By Nina Patel SawHorse, a design/build remodeling company in Atlanta, doesn't want to finish up their punch lists. In fact, the company's goal is to eliminate them altogether. To that end, they have restructured how they run projects and now complete 75% of projects without a punch list. "It's not easy, but it's worth the effort in productivity, profitability, morale, and customer satisfaction," says partner Jerome Quinn.
Another plus is they don't have to wait until after the punch list items are complete to collect the final 10% of the payment. "With Zero Punch, we walk away with an account that is paid in full," Quinn says.
For those jobs that do end up with a punch list, that list has been shortened. On those jobs, says vice president of operations Norman Joss, they average 4.6 items per closing.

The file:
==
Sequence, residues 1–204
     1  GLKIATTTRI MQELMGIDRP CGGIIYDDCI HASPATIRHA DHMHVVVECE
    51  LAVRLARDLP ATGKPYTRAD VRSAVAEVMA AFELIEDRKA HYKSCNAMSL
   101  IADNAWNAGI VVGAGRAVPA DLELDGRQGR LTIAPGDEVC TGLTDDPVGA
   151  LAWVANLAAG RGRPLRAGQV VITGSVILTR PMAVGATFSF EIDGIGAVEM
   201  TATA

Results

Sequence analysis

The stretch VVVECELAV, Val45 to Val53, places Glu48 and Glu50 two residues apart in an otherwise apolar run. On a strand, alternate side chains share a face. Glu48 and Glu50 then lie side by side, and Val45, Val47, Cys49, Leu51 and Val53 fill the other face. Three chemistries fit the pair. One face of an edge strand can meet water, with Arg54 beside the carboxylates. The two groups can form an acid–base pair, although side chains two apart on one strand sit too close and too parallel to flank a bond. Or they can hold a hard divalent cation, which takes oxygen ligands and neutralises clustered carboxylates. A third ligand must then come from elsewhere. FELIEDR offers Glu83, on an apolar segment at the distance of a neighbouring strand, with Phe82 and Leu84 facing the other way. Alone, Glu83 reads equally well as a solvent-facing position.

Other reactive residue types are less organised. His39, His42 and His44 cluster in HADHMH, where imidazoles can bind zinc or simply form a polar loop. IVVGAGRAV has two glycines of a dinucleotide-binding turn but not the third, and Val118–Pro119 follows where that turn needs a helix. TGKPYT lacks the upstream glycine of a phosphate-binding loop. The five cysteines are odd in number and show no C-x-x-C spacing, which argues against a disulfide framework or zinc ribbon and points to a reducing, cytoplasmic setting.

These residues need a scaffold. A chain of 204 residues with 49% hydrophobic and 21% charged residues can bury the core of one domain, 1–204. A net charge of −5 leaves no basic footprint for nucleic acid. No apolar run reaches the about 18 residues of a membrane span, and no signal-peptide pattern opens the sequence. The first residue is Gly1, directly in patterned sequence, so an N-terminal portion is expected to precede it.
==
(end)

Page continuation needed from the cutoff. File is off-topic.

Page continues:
SawHorse sets the stage by asking clients to identify problems as the project progresses. "We do a series of punch lists, even as early as pre-Sheetrock" Joss says. The project manager spot checks items from an on-site notebook and compiles a master list during a walk-through three weeks before the project's scheduled end. Project managers are authorized to make decisions to help meet Zero Punch. For example, they might choose a $15 courier service to deliver a plumbing part necessary to complete the job on closing day.